A Federal Bureau of Investigation (FBI) undercover sting operation known as 'Abscam' or the Abdel Enterprises Scam was created in 1979 by the FBI's New York district office (Gershman, Bennet L, 1982). This operation was originally designed to catch thieves that were stealing art paintings in New York; this sting operation later turned into a test of faith for those in high office in government. FBI agents assisted by Melvin Weignberg, a convicted con-artist, posed as two wealthy Arabian Sheiks who wanted to immigrate to the United States and invest in American real estate and business (Gershman, 1982). The Sheiks quickly attracted the attention of Angelo Errichetti, a New Jersey politician, and Howard Criden, a Philadelphia attorney (Gershman). Angelo and Howard formed an alliance to produce other government officials to assist the sheiks (Gershman, 1982). This alliance was very successful and quickly had numerous government officials that were willing to assist the Sheiks (Kotz, Nick, 1980).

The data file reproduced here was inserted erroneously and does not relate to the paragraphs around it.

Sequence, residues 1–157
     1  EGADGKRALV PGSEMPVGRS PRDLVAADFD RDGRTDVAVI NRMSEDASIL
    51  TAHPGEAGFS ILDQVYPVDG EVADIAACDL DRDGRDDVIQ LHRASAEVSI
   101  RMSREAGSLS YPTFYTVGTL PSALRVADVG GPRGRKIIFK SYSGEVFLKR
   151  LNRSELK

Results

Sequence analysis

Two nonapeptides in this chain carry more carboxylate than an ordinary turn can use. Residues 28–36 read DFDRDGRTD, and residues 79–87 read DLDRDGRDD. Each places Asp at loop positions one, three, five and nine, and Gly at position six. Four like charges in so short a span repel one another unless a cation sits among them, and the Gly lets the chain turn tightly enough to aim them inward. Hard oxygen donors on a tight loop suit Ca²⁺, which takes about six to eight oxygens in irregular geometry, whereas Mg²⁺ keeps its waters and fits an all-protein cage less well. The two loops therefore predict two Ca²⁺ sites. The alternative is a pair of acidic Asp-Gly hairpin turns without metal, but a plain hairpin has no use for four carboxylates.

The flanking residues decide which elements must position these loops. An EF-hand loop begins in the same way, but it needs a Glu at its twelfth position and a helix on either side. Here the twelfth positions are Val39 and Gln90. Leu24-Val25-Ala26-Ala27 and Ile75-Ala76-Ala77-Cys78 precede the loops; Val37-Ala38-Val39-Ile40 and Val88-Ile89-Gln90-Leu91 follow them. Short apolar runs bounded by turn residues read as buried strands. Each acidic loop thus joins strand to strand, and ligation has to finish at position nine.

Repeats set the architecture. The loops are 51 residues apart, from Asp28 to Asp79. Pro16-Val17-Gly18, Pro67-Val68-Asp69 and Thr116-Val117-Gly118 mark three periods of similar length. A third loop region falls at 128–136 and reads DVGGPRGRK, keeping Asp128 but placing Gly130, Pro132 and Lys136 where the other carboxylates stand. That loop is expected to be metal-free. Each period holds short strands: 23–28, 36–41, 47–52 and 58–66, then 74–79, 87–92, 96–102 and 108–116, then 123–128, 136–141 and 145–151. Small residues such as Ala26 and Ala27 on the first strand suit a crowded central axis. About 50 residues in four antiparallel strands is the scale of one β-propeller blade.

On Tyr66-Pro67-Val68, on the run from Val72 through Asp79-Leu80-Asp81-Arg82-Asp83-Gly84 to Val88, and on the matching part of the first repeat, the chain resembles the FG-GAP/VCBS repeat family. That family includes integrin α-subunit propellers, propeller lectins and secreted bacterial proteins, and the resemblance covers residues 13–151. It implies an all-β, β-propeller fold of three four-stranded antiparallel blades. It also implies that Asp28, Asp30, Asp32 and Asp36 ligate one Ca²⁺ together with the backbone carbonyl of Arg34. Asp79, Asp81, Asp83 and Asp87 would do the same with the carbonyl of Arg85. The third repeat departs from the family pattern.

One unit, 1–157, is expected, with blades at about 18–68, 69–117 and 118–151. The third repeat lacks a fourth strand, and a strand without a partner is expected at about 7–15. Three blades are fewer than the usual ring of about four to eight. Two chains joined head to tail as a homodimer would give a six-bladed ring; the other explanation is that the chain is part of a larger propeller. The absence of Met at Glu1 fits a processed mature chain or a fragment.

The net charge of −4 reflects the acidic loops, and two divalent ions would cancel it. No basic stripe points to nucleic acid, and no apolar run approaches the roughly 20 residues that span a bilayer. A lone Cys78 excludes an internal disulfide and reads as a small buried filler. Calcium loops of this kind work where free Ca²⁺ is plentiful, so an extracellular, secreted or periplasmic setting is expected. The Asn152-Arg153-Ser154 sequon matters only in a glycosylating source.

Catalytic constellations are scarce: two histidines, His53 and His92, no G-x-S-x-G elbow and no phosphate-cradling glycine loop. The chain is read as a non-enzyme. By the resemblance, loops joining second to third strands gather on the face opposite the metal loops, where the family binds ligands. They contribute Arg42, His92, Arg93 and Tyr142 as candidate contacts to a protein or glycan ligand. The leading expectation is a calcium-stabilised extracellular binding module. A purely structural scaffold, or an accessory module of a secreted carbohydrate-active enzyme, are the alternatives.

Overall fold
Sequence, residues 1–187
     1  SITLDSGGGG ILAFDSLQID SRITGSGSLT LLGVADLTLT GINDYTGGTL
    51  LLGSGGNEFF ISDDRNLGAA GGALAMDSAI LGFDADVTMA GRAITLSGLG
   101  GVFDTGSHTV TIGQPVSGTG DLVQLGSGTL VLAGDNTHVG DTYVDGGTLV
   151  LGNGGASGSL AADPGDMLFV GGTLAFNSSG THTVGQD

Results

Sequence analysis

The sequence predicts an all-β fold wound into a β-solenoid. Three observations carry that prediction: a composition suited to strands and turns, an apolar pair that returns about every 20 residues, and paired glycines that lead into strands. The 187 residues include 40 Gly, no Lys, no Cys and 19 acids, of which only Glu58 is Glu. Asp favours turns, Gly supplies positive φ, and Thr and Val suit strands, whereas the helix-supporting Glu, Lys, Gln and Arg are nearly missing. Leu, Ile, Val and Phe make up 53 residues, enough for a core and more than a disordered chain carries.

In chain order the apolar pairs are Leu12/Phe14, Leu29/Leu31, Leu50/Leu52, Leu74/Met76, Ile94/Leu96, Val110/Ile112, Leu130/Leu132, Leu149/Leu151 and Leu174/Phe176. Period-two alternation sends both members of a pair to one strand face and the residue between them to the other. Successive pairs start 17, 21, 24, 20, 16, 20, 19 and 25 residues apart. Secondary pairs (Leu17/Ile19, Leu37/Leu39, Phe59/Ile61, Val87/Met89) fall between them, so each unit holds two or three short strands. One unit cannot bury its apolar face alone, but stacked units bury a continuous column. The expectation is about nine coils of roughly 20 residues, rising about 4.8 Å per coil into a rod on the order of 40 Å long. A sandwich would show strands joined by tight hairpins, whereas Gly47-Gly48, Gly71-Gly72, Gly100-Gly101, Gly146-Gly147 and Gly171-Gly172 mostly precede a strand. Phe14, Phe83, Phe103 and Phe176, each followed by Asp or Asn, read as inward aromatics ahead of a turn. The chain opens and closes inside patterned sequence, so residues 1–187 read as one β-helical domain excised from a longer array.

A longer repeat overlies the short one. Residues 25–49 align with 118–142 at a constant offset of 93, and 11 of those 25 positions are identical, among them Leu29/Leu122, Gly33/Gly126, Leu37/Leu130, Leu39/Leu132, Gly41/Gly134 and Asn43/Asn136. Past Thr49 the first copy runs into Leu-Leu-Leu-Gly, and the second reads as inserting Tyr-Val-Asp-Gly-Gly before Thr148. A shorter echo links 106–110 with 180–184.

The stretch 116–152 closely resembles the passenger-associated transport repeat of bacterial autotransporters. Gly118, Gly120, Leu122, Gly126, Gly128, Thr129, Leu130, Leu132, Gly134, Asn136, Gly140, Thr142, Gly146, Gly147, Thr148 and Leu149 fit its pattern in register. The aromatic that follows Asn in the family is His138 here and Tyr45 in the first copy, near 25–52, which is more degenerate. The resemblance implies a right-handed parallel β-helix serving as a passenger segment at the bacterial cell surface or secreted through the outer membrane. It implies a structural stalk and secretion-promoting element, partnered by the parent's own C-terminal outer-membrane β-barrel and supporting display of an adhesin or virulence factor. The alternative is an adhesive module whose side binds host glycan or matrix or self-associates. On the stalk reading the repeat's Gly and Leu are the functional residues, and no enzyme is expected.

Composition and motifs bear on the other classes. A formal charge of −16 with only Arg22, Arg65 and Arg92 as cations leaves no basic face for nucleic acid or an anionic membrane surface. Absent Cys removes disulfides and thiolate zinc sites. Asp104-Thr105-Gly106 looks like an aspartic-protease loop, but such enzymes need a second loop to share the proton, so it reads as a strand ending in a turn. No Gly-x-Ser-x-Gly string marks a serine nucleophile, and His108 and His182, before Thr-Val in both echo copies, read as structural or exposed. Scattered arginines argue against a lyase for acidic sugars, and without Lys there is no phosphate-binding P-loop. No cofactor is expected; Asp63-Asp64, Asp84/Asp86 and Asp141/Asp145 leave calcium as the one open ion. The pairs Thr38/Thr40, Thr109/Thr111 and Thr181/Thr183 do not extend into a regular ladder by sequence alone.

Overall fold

Those included on this list was: Congressmen Michael Myers and Raymond Lederer of Pennsylvania, Congressman John Murchy of New York, Congressman Frank Thompson (Gershman, 1982). The FBI also approached: Senator Harrison Williams of New Jersey and Congressman Richard Kelly of Florida. Errichetti, Criden, Myers, and Lederer all accepted $50,000 bribes in exchange for assisting the Sheiks (Kotz, 1980). Williams was difficult to persuade but after several meetings finally accepted a bribe (Kotz, 1980). Kelly rejected helping the Sheiks initially but in the end accepted a $25,000 bribe to assist the Sheiks (Gershman, 1982).
A prime area of focus for the Abscam operation was corruption in Philadelphia; to execute this part of the operation; Weinberg informed Criden that the Sheik wanted to build a hotel complex in the city (Gershman, 1982). Criden then arranged meetings with George Schwartz and Harry Jannotti, president...